Since we’re on the topic of serious, on a serious note, cryptocurrency is having a bubble right now, and so are NFTs (non-fungible tokens, unique digital pieces on the blockchain). Anyone who’s anyone or has money to burn is throwing said money (of the real kind) into cryptocurrency, which they then invest in NFTs. The market is already saturated, but booming because, we keep hearing from the same proponents, the future is digital, tech-packed and, incidentally, very costly.
This is not a joke, though many chose to describe it as tomfoolery of the most bitter kind. We’d wager it’s more like queen-stunting for the artsy-pantsy type, but artist Niclas Castello would rather we called it a PR stunt meant to attract attention to his new cryptocurrency and upcoming NFTs.
The cube is actually a gold sculpture called the Castello Cube and, while it’s made of real, 24-karat, 999.9 fine gold, it is not solid gold. It has a hollow center, but still weighs a lot and “ate up” countless gold bars bought by Castello from a UBS Bank in Switzerland. The NY Times notes that he pre-sold many of his upcoming Castello Coins in order to secure the funds for the gold, in what is a very meta and possibly very efficient method of advertising.
The sculpture was made at the Art Foundry H. Rüetschi in Aarau, Switzerland, where they had to hand-build a kiln big enough to fit the large volume of gold that had to be melted. Castello was on had at all times, supervising the project and adding the finishing touches, like an engraving that states the year of the sculpture and includes his initials. The whole thing took 4,500 hours to make.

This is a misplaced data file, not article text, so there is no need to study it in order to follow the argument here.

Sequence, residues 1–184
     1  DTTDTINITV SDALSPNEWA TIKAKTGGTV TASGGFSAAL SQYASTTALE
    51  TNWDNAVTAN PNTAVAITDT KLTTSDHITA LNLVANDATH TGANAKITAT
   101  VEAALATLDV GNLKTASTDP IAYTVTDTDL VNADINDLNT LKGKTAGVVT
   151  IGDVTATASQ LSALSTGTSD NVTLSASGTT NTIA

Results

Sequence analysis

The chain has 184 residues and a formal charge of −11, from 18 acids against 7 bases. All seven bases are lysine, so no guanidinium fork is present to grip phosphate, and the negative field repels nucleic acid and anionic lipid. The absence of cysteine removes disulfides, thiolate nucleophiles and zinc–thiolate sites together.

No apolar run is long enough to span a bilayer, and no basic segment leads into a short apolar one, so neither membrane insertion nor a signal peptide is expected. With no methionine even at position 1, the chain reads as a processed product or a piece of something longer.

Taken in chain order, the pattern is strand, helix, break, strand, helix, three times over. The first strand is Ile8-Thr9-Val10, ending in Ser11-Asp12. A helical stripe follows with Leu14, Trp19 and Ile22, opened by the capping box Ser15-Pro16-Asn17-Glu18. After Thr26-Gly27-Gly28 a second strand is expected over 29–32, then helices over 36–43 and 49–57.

Reactions to the gold Cube vary, ranging from awe from the art community, to praise and admiration from some, and outrage from the majority. Some people love to watch the world burn, as Alfred told Bruce Wayne in The Dark Knight. Castello likes to watch the world burn and rub everyone’s face in because he’s not going down with it, the harshest critics are saying.
At the end of the day, art is meant to be divisive and, from this perspective only, the Castello Cube makes for a good piece of art. But it’s still funny to see how, in order to bring to attention supposedly-invaluable, must-have digital assets like crypto and NFTs, we’re still stuck with the oldest trick in the book. Queen-stunting 101, but with a dash of flashiness.
I had a friend who lived with his dog, Cookie, in the rock formations at Central Park. When Cookie got sick, there was only one vet who’d treat her for free, so every day he walked 100+ blocks to the Bronx because he couldn’t afford subway fare.— Sarah McGonagall (@gothspiderbitch) February 3, 2022
But sure, let’s add a gold cube. https://t.co/ANbdpAyYJG